Thursday, August 24, 2017
When I first came to The Children’s Inn in June of 2016, I had no idea what it would mean to me. The next several months, though, certainly ended up being some of the most transformational months of my life. I first came to The Inn as a 19-year-old who had somehow managed to finish his first year of college, even while dealing with a harsh genetic disease known as sickle cell anemia. After staying at The Inn for nearly five months, I left as a man, entering his second year of college, having been healed from the disease that once shaped his life.
Wednesday, August 9, 2017
My blog usually celebrates biomedical advances made possible by NIH-supported research. But every August, I like to try something different and highlight an aspect of the scientific world that might not make headlines. This year, I’d like to take a moment to pay tribute to just a few of the many NIH family members around the country who, without pay or fanfare, freely give of themselves to make a difference in their communities. I’d like to start by recognizing my wife Diane Baker, a genetic counselor who has always found time during her busy career to volunteer.
Tuesday, July 11, 2017
When Taezia was 4 years old, an MRI showed a myriad of tumors crowding her organs and wrapping themselves around her spine. Without emergency surgery, Taezia would lose her ability to walk and become paralyzed from the neck down. Doctors knew they couldn’t remove the entire tumor, but their goal was to “debulk” it enough to preserve Taezia’s ability to walk and move around.
Wednesday, May 31, 2017
There are new reports of an outbreak of Ebola virus disease in the Democratic Republic of Congo. This news comes just two years after international control efforts eventually contained an Ebola outbreak in West Africa, though before control was achieved, more than 11,000 people died—the largest known Ebola outbreak in human history. Many questions remain about why some people die from Ebola and others survive. Now, some answers are beginning to emerge thanks to a new detailed analysis of the immune responses of a unique Ebola survivor, a 34-year-old American health-care worker who was critically ill and cared for at the NIH Special Clinical Studies Unit in 2015.
Tuesday, May 16, 2017
The struggle to maintain a healthy weight is a lifelong challenge for many of us. In fact, the average American packs on an extra 30 pounds from early adulthood to age 50. What’s responsible for this tendency toward middle-age spread? For most of us, too many calories and too little exercise definitely play a role. But now comes word that another reason may lie in a strong—and previously unknown—biochemical mechanism related to the normal aging process.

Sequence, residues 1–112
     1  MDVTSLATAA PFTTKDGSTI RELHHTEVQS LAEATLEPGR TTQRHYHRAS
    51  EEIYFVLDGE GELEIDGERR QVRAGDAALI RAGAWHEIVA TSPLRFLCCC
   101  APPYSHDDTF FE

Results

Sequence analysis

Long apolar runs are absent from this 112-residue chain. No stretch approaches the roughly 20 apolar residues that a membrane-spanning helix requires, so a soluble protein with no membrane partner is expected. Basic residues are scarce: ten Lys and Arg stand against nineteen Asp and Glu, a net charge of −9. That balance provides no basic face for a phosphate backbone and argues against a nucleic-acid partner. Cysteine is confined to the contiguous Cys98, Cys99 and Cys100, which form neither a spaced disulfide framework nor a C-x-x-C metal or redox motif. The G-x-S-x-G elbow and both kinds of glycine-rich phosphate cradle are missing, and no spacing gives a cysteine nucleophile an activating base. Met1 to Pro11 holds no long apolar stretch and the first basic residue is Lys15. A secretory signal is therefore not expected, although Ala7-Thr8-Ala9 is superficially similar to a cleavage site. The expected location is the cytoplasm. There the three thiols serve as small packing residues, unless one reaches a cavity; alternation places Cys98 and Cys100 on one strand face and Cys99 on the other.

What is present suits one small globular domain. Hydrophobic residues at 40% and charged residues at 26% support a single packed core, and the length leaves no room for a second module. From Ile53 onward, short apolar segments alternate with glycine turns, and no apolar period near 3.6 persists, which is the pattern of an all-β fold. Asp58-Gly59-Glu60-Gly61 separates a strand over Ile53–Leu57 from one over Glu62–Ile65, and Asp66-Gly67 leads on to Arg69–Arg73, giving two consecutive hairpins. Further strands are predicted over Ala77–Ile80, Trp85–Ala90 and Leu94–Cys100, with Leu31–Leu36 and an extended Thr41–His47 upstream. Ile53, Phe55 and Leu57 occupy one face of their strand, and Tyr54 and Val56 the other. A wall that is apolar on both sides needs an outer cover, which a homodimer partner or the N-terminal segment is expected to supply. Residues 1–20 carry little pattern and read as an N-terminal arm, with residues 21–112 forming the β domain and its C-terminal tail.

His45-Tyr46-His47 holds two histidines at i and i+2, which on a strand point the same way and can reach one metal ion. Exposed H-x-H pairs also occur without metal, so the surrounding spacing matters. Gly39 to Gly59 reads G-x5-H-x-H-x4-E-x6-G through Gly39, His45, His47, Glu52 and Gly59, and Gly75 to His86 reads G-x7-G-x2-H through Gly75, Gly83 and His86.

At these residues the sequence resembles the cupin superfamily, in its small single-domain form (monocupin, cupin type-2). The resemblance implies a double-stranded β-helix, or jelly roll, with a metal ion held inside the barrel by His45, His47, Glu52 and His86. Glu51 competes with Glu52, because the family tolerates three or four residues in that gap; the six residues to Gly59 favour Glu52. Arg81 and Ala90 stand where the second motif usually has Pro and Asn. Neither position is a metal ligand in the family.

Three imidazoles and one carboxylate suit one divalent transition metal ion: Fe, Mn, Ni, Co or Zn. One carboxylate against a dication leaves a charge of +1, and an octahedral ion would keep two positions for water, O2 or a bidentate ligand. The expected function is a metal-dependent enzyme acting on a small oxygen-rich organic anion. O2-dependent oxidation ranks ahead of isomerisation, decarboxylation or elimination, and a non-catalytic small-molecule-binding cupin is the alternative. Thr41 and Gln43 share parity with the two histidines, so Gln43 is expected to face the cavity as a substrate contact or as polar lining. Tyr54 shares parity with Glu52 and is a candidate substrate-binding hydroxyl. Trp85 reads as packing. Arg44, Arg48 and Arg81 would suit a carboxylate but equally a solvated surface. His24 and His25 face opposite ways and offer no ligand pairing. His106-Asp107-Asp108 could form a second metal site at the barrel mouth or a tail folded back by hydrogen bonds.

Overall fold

Thursday, April 27, 2017
Studying the neural control of behavior is a challenge. Researchers must consider an animal’s environment, past experiences, and motivations. Work in relatively simple organisms, for example the invertebrate C. elegans, has teased apart the neural circuitry of highly stereotyped behaviors, like foraging. But in mammals, very little is known, “and that’s surprising given just how important behaviors like this are,” said Dr. Eric Horstick, who studies the molecular mechanisms underlying animal behavior.
Tuesday, April 18, 2017
Contributed by an NIH clinical trial participant.
My 8-year-old nephew Luke has a sixth-grade reading level, while still in the third grade. Yet, he often struggles to finish his chores. He carries a timer in his backpack to keep himself on task. His school provides Luke with special assistance, including extra time for tests and repeated, detailed instruction. The challenges arise because Luke, like his mother Rebecca, has attention-deficit/hyperactivity disorder (ADHD).
Monday, April 10, 2017
Isaac was born to fight. Arriving more than five weeks early by emergency C-section, it wasn’t just his way of coming into the world that made him different from his three brothers. While he initially looked healthy, his parents soon realized Isaac’s health was something he and the entire family would need to be fighting for every single day.
Monday, February 27, 2017
Roberto Weigert is a cell biologist who specializes in intravital microscopy (IVM), an extremely high-resolution imaging tool that traces its origins to the 19th century. What’s unique about IVM is its phenomenal resolution can be used in living animals, allowing researchers to watch biological processes unfold in organs under real physiological conditions and in real time.
Thursday, January 26, 2017
For gene therapy research, the perennial challenge has been devising a reliable way to insert safely a working copy of a gene into relevant cells that can take over for a faulty one. But with the recent discovery of powerful gene editing tools, the landscape of opportunity is starting to change. Instead of threading the needle through the cell membrane with a bulky gene, researchers are starting to design ways to apply these tools in the nucleus—to edit out the disease-causing error in a gene and allow it to work correctly.